Do you know that story from The Brothers Karamazov by Fyodor Dostoevsky, where Ivan tells his brother Alyosha a dream he has had of the Grand Inquisitor? The date is 1500-something and Jesus has come again to earth, to fare no better with ordinary religion than he had the first time. Across many pages, the Inquisitor, who knows full well the identity of his prisoner, defends his sentence that the man be put to death. Again.
You thought too highly of men . . . Fifteen centuries have passed. Look upon them whom have you raised up to yourself. I swear, man is weaker and baser by nature than you believed him! Can they do what you did? By showing them so much respect, you ceased to feel for them, for you asked far too much—you who loved them more than yourself! Respecting them less, you would have asked less. That would have been more like love, for their burden would have been lighter . . . [But we, the Church] will tell them that every sin will be paid for, if it is done with our permission . . . The most painful secrets of their conscience they will bring to us, and we shall have an answer for all. And they will be glad to believe our answer, for it will save them from the great anxiety and terrible agony they endure in making a free decision for themselves . . . What I say to you will come to pass, and the dominion [of the Church] will be built up. Tomorrow you shall see that obedient flock who, at a sign from me, will hasten to heap up hot cinders about the pile on which I shall burn you for coming to hinder us. For if anyone has ever deserved our fires, it is you. Tomorrow I will burn you. I have spoken.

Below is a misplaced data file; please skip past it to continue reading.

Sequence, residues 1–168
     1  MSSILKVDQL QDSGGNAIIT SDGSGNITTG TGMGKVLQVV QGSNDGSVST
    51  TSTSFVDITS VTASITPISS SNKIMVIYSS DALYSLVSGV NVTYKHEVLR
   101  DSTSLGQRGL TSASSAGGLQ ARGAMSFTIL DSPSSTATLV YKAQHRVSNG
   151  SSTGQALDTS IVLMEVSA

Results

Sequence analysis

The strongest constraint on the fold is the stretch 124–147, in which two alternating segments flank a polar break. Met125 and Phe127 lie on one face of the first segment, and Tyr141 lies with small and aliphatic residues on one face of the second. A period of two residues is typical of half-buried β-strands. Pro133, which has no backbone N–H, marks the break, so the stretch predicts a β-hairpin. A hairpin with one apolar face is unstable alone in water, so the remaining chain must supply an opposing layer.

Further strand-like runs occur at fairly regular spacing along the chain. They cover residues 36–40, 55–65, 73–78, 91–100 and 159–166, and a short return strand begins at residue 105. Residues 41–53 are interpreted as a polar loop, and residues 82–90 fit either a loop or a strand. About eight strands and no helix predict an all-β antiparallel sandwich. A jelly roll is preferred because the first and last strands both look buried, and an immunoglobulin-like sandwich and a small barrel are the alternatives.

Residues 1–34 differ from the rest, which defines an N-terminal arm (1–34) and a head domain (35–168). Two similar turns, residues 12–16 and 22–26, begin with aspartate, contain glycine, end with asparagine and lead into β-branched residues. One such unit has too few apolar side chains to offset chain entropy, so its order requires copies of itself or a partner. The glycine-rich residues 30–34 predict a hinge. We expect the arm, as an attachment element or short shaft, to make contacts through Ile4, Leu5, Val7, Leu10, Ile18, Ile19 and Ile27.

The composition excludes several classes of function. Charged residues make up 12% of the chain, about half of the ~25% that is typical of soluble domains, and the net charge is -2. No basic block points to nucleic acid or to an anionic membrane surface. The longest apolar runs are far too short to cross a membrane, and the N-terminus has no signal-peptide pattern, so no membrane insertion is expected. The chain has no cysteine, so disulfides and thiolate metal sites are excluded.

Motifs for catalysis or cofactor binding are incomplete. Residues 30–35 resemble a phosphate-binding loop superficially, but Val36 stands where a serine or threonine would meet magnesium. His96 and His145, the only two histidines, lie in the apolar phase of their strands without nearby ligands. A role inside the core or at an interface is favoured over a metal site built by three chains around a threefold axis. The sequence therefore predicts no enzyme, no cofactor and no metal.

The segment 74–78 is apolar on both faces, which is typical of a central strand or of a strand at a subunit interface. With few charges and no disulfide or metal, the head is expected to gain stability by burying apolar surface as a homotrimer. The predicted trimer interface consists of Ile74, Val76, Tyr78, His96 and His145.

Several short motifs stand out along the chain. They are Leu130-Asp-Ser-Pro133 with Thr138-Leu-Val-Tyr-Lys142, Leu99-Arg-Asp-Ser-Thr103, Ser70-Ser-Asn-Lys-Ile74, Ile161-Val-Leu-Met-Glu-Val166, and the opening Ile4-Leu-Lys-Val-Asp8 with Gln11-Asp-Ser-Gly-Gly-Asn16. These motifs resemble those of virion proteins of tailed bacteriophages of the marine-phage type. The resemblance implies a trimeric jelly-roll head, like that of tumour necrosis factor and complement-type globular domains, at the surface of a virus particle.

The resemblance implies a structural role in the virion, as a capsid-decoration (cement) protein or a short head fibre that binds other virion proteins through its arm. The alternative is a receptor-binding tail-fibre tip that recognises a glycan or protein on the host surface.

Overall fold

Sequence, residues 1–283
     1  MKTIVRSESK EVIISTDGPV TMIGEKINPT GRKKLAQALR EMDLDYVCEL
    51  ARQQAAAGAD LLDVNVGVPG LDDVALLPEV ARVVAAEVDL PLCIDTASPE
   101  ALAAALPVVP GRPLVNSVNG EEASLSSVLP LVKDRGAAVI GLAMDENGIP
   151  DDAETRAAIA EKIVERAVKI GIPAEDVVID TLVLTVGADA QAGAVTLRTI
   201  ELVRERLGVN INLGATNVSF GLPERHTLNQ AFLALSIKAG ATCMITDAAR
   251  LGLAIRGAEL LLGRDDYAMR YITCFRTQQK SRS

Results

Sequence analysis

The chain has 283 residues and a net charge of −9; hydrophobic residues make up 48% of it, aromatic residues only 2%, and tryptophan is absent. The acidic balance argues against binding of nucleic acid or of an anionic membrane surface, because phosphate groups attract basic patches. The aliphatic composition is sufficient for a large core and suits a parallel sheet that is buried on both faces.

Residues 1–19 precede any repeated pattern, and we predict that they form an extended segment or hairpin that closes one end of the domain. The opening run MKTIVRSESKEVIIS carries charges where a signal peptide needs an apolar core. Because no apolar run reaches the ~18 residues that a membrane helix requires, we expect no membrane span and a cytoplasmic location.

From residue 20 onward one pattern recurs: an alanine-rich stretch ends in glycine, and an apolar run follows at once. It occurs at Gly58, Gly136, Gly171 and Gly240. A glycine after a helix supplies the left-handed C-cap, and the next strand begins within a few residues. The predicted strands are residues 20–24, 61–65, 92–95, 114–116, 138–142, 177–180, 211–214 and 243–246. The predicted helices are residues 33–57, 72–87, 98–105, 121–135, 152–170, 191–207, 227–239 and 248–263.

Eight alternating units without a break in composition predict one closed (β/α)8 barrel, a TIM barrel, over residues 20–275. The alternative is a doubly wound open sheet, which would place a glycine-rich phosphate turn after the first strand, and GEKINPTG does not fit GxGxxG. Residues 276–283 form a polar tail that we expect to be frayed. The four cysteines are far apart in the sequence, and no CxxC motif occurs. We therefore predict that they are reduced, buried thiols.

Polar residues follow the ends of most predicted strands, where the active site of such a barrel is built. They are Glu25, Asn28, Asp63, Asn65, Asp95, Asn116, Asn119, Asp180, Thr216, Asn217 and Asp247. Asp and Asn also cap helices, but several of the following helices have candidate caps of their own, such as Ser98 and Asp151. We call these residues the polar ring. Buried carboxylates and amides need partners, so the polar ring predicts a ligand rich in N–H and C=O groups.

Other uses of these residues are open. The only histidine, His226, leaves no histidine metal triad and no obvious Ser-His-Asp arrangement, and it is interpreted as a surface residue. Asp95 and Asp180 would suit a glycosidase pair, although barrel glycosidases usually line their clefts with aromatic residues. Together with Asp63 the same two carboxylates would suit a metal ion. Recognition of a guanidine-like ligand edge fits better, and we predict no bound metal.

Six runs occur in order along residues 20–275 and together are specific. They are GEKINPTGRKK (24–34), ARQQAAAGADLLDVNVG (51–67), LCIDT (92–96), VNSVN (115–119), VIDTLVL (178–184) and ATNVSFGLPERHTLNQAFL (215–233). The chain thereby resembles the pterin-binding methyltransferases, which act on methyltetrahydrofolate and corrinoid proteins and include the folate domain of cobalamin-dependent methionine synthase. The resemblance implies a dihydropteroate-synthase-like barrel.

Of course, this is a dream, a wild and horrible caricature from the mind of a fictional character. Yet did not Martin Luther King face his hour for disturbing the peace? And Mandela his? Did not Hosea come to his hour for disturbing the peace, and Isaiah his, and Ezekiel, and Jeremiah, almost put to death for disturbing the peace? And the Lamb who did not open his mouth as he was led to the slaughter? It is a wonder worthy of Good Friday’s name to see that when Jesus came to his hour, he approached without fear, without regret for the choice he had made. He knew, too, that they were right. He had disturbed the peace of the people. May our salvation never so settle us in our soil that God cannot break in.
Rev. Stephen H. Phelps
The Riverside Church
© 2013 Stephen H. Phelps